New Madrid 1811-1812 Earthquakes
A Sequence of Three Main Shocks in 1811-1812
This sequence of three very large earthquakes is usually referred to as the New Madrid earthquakes, after the Missouri town that was the largest settlement on the Mississippi River between St. Louis, Missouri and Natchez, Mississippi. On the basis of the large area of damage (600,000 square kilometers), the widespread area of perceptibility (5,000,000 square kilometers), and the complex physiographic changes that occurred, the New Madrid earthquakes of 1811-1812 rank as some of the largest in the United States since its settlement by Europeans. They were by far the largest east of the Rocky Mountains in the U.S. and Canada. The area of strong shaking associated with these shocks is two to three times as large as that of the 1964 Alaska earthquake and 10 times as large as that of the 1906 San Francisco earthquake. Because there were no seismographs in North America at that time, and very few people in the New Madrid region, the estimated magnitudes of this series of earthquakes vary considerably and depend on modern researchers' interpretations of journals, newspaper reports, and other accounts of the ground shaking and damage.
A Robust Aftershock Sequence for each Main Shock
The first principal earthquake, M7.7, occurred at about 2:15 am (local time) in northeast Arkansas on December 16, 1811. The second principal shock, M7.5, occurred in Missouri on January 23, 1812, and the third, M7.7, on February 7, 1812, along the Reelfoot fault in Missouri and Tennessee. The earthquake ground shaking was not limited to these principal main shocks, as there is evidence for a fairly robust aftershock sequence. The first and largest aftershock occurred on December 16, 1811 at about 7:15 am. At least three other large aftershocks are inferred from historical accounts on December 16 and 17. These three events are believed to range between M6.0 and 6.5 in size and to be located in Arkansas and Missouri. This would make a total of seven earthquakes of magnitude M6.0-7.7 occurring in the period December 16, 1811 through February 7, 1812. In total, Otto Nuttli reported more than 200 moderate to large aftershocks in the New Madrid region between December 16, 1811, and March 15, 1812: ten of these were greater than about 6.0; about one hundred were between M5.0 and 5.9; and eighty-nine were in the magnitude 4 range. Nuttli also noted that about eighteen hundred earthquakes of about M3.0 to 4.0 during the same period.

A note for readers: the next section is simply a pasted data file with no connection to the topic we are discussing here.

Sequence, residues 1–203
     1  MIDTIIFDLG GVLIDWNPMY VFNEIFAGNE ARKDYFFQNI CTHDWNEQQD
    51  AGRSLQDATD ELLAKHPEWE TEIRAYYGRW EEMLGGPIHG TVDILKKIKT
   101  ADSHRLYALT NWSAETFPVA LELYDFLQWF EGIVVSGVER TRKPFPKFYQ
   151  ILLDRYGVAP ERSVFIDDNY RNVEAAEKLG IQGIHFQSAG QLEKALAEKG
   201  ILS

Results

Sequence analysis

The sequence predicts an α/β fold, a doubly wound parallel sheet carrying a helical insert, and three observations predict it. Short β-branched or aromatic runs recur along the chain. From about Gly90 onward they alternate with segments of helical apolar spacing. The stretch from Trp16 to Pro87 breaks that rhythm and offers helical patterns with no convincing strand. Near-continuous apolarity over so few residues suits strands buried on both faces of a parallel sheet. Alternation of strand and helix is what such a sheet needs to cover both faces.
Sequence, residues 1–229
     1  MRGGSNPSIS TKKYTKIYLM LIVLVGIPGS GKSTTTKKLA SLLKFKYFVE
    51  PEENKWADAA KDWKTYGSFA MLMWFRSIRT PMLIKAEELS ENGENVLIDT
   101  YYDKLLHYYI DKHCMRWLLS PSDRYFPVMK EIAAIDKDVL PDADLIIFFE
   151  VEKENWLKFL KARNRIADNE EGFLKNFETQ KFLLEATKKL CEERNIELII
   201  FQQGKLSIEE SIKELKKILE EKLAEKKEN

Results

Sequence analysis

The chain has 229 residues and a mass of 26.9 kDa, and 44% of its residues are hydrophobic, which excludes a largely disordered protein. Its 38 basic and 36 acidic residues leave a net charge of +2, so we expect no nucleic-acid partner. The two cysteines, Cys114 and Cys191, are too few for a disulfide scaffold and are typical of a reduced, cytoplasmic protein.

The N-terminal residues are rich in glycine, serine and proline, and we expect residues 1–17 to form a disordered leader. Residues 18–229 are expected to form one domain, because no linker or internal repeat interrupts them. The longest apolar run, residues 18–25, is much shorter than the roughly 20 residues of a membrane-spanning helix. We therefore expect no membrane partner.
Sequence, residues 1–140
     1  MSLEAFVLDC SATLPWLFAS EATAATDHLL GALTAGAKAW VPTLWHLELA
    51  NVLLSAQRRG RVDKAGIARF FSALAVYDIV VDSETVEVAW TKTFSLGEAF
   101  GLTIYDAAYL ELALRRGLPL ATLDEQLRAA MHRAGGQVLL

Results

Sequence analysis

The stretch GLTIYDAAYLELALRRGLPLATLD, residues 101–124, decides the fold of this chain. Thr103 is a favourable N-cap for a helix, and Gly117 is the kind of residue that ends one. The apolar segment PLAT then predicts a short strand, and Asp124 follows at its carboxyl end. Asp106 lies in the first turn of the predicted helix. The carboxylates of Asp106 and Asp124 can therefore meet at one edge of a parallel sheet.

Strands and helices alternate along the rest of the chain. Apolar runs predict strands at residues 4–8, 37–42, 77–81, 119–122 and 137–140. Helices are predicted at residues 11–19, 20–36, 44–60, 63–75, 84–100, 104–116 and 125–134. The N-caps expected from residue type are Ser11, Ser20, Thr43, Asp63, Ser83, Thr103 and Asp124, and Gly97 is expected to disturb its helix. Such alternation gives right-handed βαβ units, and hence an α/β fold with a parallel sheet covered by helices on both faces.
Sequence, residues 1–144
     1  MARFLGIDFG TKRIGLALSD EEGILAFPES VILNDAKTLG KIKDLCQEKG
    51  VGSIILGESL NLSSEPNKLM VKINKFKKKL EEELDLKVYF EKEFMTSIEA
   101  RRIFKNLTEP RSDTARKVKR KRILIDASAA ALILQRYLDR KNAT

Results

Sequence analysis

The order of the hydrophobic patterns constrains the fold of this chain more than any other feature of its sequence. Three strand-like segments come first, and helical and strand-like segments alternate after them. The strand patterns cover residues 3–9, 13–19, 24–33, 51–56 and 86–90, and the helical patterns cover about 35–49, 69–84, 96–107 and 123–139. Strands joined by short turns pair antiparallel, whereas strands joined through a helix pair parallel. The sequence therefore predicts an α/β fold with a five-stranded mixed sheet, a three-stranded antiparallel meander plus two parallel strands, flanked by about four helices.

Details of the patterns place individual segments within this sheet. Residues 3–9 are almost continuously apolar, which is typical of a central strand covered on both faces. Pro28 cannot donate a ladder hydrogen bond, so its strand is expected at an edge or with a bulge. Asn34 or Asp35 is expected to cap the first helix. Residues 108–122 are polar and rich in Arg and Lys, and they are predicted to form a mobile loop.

Large Area of Damaging Shaking
The first earthquake of December 16, 1811 caused only slight damage to man-made structures, mainly because of the sparse population in the epicentral area. The extent of the area that experienced damaging earth motion, which produced Modified Mercalli Intensity greater than or equal to VII, is estimated to be 600,000 square kilometers. However, shaking strong enough to alarm the general population (intensity greater than or equal to V) occurred over an area of 2.5 million square kilometers.